For a number of years now, Google has been working on its self-driving car project. But while all the demonstrations of the technology to date have featured modified Toyota Priuses and Lexus SUVs, the company has now announced a prototype vehicle that it has designed and built from scratch.
Unveiled at the CODE Conference by Google co-founder Sergey Brin, the prototype is an extremely basic looking two-seater vehicle that operates completely autonomously without any human intervention. It doesn’t have a steering wheel, accelerator pedal, or brake pedal – software sensors do all of the work.
Google says the inside of the car has been designed for learning rather than luxury. There’s a space for belongings, stop and start buttons, and a screen that displays the route – and that’s pretty much it.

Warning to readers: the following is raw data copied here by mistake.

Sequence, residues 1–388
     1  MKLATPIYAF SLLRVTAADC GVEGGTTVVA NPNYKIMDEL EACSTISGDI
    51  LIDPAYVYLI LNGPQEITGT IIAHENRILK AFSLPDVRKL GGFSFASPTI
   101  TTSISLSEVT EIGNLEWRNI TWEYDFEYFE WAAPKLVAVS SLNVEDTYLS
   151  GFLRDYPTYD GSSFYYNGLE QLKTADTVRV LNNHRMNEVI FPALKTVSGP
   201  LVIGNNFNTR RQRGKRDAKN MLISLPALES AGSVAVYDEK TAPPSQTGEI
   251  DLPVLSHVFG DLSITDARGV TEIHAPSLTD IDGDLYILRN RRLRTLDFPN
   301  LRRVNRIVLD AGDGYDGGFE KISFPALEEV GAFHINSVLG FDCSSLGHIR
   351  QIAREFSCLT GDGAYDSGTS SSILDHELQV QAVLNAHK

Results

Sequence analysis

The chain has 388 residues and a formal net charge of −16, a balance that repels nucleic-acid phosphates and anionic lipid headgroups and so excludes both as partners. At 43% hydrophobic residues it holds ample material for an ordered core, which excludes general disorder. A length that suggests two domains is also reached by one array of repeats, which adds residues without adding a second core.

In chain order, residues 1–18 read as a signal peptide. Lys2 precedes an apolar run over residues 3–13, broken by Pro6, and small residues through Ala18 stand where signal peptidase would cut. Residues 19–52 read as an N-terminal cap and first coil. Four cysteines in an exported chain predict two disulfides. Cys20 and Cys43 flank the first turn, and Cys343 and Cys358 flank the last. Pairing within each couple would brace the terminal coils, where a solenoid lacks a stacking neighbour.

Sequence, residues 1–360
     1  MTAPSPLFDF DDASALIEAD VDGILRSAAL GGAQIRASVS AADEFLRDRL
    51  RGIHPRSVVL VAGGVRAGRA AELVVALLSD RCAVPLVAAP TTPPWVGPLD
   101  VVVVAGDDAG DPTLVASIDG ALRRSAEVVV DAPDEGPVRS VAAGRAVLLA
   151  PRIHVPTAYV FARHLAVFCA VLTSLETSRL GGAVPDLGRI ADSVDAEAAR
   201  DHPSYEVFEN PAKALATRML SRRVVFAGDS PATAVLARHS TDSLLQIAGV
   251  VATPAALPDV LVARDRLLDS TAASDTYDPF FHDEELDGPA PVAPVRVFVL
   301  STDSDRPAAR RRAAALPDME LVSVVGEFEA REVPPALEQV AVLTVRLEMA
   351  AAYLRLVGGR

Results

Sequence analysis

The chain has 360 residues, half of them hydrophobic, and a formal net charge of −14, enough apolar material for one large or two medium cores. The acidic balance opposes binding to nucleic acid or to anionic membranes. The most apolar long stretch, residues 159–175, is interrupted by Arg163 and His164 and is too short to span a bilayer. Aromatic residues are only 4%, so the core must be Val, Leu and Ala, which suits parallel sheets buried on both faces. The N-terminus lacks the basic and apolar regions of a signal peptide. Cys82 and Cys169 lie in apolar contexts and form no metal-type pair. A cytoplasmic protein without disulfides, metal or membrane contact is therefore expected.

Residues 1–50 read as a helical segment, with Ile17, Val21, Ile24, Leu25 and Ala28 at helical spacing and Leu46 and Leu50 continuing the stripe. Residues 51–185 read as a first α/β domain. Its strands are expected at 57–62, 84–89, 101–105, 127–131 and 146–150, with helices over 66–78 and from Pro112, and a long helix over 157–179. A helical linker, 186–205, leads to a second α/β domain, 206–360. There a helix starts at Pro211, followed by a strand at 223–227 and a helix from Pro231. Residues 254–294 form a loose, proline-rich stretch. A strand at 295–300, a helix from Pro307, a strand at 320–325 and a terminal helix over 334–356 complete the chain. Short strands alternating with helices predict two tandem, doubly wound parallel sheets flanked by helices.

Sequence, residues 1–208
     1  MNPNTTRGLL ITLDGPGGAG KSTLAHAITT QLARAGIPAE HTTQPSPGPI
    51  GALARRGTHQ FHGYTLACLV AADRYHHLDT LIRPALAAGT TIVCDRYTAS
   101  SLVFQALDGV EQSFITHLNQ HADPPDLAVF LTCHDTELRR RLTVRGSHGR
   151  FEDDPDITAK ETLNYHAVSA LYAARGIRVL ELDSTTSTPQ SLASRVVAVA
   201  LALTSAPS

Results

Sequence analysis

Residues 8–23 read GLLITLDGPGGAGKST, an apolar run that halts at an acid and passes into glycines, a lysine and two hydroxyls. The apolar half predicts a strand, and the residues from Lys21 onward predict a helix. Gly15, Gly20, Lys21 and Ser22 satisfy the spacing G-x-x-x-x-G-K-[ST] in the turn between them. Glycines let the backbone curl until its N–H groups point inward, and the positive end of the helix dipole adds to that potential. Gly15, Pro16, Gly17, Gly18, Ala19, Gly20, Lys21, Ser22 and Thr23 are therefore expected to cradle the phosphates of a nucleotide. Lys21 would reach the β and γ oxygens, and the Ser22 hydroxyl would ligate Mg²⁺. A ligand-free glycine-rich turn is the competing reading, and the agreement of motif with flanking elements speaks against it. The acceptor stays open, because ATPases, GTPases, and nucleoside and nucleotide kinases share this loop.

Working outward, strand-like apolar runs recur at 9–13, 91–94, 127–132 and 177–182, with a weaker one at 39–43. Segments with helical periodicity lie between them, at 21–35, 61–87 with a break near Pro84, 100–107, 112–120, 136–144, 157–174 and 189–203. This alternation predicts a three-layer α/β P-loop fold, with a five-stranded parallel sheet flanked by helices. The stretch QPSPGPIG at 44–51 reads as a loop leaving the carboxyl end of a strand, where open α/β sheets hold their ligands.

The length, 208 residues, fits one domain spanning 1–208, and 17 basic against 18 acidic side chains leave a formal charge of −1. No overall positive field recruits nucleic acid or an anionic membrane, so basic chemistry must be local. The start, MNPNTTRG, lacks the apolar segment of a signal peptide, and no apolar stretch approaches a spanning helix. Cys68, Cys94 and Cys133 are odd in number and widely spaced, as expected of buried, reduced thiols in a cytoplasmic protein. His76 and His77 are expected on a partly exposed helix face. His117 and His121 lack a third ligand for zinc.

As you might expect, safety was a key concern in the design of the car. Its sensors can detect objects up to two football fields away in any direction, and for the time being at least, the speed has been capped to a maximum of 25 miles per hour.
Google plans to build around one hundred prototype vehicles, which will be tested by its safety drivers later this Summer – these early versions will feature manual controls. If all goes well, the company then hopes to run a trial program in California over a two year period, and ultimately work with partners to bring the technology to market.
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